People often tell me I’m brave for traveling by myself. To me it’s not bravery, but absolutely essential for developing my work, my creativity, and myself.
Every trip teaches me something new and I always come home feeling inspired, full of energy, and excited to transform what I’ve experienced into something tangible.
Of course it was scary at first, and there are still moments on every trip where I wonder what on earth I’m doing. But they are only fleeting, and that fear is actually a part of the whole experience.
Whenever we push past fear, we grow, making the rewards of solo travel so much richer than we ever anticipated. It is this that has allowed me to trust myself and my instincts both creatively, and throughout all aspects of my life.
Here are ten reasons why I think solo travel can jettison your creativity:
1. You have the freedom to experiment.
Putting yourself out of your comfort zone means you start changing things up – what you wear, what you read, new food you try, even how you interact with people.
I find that so many people I cross paths with impact my way of thinking and introduce me to new opportunities I’d never considered previously.
Being by yourself means there’s nobody to question your choices or judge you based on who you’ve been in the past. Being solo is a excellent way to free you up and embrace experimentation.
2. You can let go of your inhibitions.
When you’re solo traveling you have two options: sit in your room on your own or go out and embrace everything! It can be scary at first, but soon approaching strangers and throwing yourself headfirst into amazing experiences becomes second nature.
This shedding of inhibitions can also impact your work, as you feel freer and less afraid about doing something different.
3. You can network.
Before leaving, research the areas you’re heading to and connect with organizations or individuals that are involved creatively in what you’re interested in.
People are almost always incredibly open to meeting you and sharing their knowledge and story, and through this you’ll meet many, many more people that are doing fascinating things, and before you know it a new exciting collaboration could be in the cards.
Traveling alone means that you don’t have to worry if your friend feels left out whilst you’re missioning about making new friends and contacts.
4. You can go with the flow.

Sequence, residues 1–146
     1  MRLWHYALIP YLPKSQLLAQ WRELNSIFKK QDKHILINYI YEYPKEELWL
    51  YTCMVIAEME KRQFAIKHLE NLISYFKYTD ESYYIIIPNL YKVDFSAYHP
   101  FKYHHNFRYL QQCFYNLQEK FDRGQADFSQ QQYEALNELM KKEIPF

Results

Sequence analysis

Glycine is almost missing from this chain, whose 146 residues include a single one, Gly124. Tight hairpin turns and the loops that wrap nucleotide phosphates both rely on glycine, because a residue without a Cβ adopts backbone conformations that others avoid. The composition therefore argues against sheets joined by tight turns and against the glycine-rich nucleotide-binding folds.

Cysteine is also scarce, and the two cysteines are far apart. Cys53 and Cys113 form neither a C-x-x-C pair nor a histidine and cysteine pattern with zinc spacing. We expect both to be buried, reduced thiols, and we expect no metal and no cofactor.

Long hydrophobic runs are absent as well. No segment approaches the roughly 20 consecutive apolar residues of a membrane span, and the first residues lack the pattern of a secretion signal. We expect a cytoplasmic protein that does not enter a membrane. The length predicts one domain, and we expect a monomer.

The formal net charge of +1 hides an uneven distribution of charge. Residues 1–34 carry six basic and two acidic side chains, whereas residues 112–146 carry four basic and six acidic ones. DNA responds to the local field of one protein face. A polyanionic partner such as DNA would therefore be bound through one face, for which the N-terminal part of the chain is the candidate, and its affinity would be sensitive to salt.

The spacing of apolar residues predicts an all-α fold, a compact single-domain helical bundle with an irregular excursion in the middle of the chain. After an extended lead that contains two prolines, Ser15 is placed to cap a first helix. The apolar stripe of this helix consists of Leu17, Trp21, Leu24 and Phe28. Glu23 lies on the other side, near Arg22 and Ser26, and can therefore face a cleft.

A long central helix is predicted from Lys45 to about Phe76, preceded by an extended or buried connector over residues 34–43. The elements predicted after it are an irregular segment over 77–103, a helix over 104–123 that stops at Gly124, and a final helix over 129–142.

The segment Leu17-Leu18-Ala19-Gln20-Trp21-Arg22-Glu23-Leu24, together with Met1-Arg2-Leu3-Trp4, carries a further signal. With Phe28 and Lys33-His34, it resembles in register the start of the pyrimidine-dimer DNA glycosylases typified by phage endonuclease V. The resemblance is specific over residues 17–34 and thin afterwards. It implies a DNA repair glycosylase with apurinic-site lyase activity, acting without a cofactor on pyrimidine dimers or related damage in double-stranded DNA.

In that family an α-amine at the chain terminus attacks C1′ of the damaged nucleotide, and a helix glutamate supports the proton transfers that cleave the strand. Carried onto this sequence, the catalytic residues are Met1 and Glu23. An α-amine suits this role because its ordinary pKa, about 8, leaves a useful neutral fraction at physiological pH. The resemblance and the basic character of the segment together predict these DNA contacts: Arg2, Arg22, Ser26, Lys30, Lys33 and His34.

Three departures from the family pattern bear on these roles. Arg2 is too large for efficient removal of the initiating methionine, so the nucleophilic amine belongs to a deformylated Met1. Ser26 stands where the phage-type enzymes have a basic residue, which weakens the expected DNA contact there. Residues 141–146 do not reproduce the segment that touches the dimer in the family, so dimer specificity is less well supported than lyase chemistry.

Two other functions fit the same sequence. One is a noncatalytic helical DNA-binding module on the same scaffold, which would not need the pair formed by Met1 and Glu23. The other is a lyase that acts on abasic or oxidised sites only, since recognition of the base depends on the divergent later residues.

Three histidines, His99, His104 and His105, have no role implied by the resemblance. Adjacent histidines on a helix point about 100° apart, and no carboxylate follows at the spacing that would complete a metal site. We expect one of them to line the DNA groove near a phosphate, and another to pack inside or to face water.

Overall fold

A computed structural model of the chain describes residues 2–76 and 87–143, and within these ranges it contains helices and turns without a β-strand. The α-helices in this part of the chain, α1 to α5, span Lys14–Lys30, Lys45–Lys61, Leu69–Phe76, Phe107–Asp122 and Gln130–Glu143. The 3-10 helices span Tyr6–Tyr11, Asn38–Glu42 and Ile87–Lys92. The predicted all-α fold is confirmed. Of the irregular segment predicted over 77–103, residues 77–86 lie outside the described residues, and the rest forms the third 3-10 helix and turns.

There’s no daily grind schedule when you travel. Nowhere to be, no one to wait for, and nobody else’s expectations to meet. Only your own.
You can spend an hour, or five, or longer gazing at the intricate artwork on that beautiful temple, spend all afternoon sourcing and deliberating over fabrics, or just sit with a sketchbook and admire the world going by.
5. You can focus on yourself.
In your normal life, how many hours a day do you have to yourself? Maybe one or two in the evening, more if you’re lucky, or perhaps none at all.
Solo travel means you have a lot of time alone, therefore you can relax into being in the moment with just yourself. I’ve had life epiphanies whilst staring out at rice paddies on rickety bus journeys, which I wouldn’t have had if a friend had been sat next to me.
6. You can rise to the challenge.
Of course it’s not always easy. Things go wrong, sometimes you get sick, and weird stuff might happen – but you deal with whatever comes your way. By yourself. Because you have to.
It’s in these moments you realize how resourceful and strong you really are. It’s an amazing skill which stays with you and helps you believe in yourself when creative projects hit a brick wall.
7. You can let go of failing projects quicker.
When we travel, time is of the essence. If we are not enjoying something or can’t find a solution, we stop wasting our time quicker and move onto new things that make us feel motivated again.
When we’re in the thick of work, negativity can swamp us. If things don’t go according to plan, it seems like the worst thing in the world.
Travel gives us new perspective as we see ourselves in a much wider context, and it becomes easier to let go of what no longer serves us – recognizing what we’ve learned from our mistakes and feeling inspired again for future projects.
8. You can feel more inspired.
Inspiration is everywhere, and when you’re by yourself you notice and absorb everything so much more. New colors, patterns, sounds, and tastes flood our senses.
We begin to think and feel things from our new environment that spark our imagination. Being alone at this time to let everything you’re experiencing sink into yourself and synthesize can be truly magical, and you can continue to draw on that inspiration once you’re home.
9. You can make the most of what you have.
If nothing else, traveling is humbling. You stop making excuses about what new fancy equipment or materials you need to procrastinate over before getting on with your craft.
When you travel alone you compact your life to a rucksack, and realize that in that bag you still have more wealth than a lot of the people you’ll meet. Yet most of them make the most creative outcomes from how little they have.
You learn that the real richness of life comes from our experiences and interactions, and it’s these riches that are the real soul food for our creativity and passions, not our worldly goods.
10. You can return home with more motivation and enthusiasm.
However big the adventure, it can still continue once you’re home if you feed off of everything you’ve experienced and learnt. I find that I’m always raring to go with my next project and wanting to share my stories with everyone I’ve missed.
Channel the energy from your adventure into your creativity; there’ll be more that’s waiting to flow out of you than you even knew existed.